Consumers are drowning with information online in their car buying journey. Learn what’s distracting your visitors, how to engage them and proven tactics to keep their attention. Download Storyboard
After exactly one year and one day after officially entering the Australian market, General Motors’ European brand Opel has announced on August the second it will be closing its doors in The Land Down Under effective immediately. It is not hard to figure out the reason for Opel’s tactical retreat, so the company hasn’t exactly been hiding the fact that they have sold only 1.530 cars by June this year, which is more than three times less than it was expected.
GM had brought its German subsidiary Opel into Oz in August last year, but the actual sale had not started until the first of September. Their cars were sold in twenty dealerships, mostly multi-franchise corporations, some of which are already closed for business and their cars were sold. The offer included the Corsa City Car, Astra hatchback and Insignia medium car, and the Opel Zafira people-mover, their fourth model line, was to be introduced into the Australian market couple of weeks ago. Understandably, its promotion was cancelled.
Prior to Opel’s arrival, senior management in Germany estimated the company was sure to have in the range of 15.000 annual sales by 2015, but they have sold only 989 cars this year. Opel planned to sell its cars as premium vehicles with a price to match, which for some reason simply didn’t take off as planned among Australian customers.
According to Opel Australia spokeswoman Michelle Lang, the decision to close down Australian Opel was also handed down from Germany. That is not all that hard to figure out, since this hasty exit from the market means that Zafiras due to appear in stores a couple of weeks ago will have no home and that the Opel cars in stock will be sold at discount prices. The extent of Australians’ indiference to Opel’s cars is best shown in the fact that Carzoos, for example, one of the bigger web sites for selling used cars, does not even offer an option to select Opel when refining the search.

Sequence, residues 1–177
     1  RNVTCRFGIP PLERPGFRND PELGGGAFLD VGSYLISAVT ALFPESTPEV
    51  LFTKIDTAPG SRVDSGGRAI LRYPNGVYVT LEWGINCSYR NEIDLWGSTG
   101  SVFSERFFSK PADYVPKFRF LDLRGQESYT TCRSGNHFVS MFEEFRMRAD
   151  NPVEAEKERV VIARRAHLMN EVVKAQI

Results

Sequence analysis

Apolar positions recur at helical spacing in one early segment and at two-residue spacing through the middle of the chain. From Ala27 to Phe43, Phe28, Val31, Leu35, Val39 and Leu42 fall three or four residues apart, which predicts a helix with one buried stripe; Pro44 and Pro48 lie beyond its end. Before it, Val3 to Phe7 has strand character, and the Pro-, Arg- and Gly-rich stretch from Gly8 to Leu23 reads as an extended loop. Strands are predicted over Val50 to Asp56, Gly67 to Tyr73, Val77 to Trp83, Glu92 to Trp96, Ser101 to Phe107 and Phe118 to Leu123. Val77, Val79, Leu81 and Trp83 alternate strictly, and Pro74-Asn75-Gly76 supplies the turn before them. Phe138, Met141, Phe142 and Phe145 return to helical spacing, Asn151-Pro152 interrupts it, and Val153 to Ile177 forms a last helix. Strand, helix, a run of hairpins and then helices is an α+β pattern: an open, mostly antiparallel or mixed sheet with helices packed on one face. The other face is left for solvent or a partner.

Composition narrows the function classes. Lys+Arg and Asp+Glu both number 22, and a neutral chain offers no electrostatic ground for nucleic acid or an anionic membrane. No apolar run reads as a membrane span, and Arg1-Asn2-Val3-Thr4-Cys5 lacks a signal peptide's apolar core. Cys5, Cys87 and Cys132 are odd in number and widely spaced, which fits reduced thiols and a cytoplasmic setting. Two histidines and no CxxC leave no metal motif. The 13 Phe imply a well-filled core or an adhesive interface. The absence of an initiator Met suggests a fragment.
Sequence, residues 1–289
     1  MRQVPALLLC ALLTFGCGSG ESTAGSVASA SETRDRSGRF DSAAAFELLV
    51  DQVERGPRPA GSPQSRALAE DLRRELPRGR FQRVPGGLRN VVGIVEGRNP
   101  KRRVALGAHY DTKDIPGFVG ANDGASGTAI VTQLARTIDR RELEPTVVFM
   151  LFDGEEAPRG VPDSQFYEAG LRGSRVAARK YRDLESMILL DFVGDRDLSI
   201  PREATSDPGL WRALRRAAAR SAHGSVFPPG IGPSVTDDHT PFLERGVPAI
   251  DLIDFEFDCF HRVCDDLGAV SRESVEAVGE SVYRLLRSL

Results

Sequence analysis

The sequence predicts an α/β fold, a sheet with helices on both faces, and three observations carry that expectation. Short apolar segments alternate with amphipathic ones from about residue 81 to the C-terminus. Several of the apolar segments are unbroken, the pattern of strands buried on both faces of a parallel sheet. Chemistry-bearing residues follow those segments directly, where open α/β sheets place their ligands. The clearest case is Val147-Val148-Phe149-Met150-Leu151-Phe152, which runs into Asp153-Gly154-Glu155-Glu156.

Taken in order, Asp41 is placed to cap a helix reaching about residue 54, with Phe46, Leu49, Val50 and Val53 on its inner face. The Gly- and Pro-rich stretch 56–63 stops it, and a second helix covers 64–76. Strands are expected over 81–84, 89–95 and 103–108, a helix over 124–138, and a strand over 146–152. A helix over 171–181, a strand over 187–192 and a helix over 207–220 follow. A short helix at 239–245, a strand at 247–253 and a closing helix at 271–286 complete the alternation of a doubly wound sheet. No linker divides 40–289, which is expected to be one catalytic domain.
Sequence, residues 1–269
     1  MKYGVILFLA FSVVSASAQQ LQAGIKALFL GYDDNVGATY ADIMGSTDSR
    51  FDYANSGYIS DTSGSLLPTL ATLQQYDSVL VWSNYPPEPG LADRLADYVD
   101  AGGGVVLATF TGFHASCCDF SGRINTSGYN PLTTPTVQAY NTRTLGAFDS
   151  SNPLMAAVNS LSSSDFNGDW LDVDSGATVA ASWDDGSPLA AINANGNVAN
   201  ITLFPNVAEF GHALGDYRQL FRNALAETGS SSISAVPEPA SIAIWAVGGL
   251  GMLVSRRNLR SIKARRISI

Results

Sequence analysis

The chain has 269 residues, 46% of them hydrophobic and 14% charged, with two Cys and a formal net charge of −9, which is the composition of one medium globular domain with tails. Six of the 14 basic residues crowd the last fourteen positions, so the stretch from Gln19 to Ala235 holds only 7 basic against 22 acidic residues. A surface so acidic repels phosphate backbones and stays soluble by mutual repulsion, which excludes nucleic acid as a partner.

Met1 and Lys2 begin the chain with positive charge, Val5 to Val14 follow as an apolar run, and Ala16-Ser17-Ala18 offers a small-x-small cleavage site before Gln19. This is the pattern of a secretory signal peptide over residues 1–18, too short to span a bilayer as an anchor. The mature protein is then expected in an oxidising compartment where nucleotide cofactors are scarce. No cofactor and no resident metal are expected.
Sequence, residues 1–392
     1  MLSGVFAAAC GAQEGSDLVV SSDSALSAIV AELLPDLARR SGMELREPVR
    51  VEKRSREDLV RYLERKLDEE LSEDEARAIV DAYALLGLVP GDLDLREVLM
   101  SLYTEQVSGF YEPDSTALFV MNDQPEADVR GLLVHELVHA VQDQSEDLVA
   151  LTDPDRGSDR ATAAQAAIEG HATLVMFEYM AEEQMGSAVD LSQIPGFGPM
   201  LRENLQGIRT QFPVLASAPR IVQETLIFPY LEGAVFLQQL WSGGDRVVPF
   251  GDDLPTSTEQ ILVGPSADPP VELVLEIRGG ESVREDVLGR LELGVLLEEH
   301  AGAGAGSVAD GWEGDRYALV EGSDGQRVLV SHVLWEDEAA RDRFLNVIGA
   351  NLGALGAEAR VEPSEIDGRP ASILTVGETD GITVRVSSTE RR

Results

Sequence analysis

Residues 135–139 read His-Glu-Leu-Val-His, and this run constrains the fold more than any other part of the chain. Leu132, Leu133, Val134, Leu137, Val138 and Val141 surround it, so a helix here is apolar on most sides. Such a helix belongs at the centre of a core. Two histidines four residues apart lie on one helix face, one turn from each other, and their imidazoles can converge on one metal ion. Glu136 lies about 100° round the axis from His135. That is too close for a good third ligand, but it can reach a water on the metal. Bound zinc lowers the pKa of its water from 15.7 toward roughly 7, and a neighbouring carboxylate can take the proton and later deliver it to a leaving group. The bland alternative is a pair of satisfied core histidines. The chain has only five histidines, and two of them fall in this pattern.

Bill Moth, head of Australia Opel, blamed a "tactical firestorm" produced by the increase in value of the Australian dollar and the fact that the Australian new-car market, featuring 66 brands (after Opel's exit) and widely regarded as the most competitive on the planet, seems to be driven by price reductions. In an official announcement, Opel Australia states that: "In order to be competitive, Opel Australia would need to follow recent competitor price reductions and significantly reposition the price of its core volume models. These changes, combined with the continued investment required to ensure brand awareness, result in a business which is not financially viable for any of the parties involved."
A handful of Opel’s Australian customers needn’t worry for their cars being left orphaned. Australian Trade Practices Law requires the car manufacturers to maintain adequate parts-supplies and honour warranties despite exiting the market. These obligations will most probably be handed down to Holden, GM’s Australian brand. As far the cars themselves are concerned, Opel announced the possibility of Holden selling some of their niche-filling models under new badge. According to Australia’s Drive, the most probable candidate for the badge-engineering is hot hatchback Opel Astra OPC, known in the UK as Vauxhall Astra VXR. Unfortunately for Opel customers, their cars are sure to take a huge drop in market value, since the brand simply doesn’t exist anymore on the continent.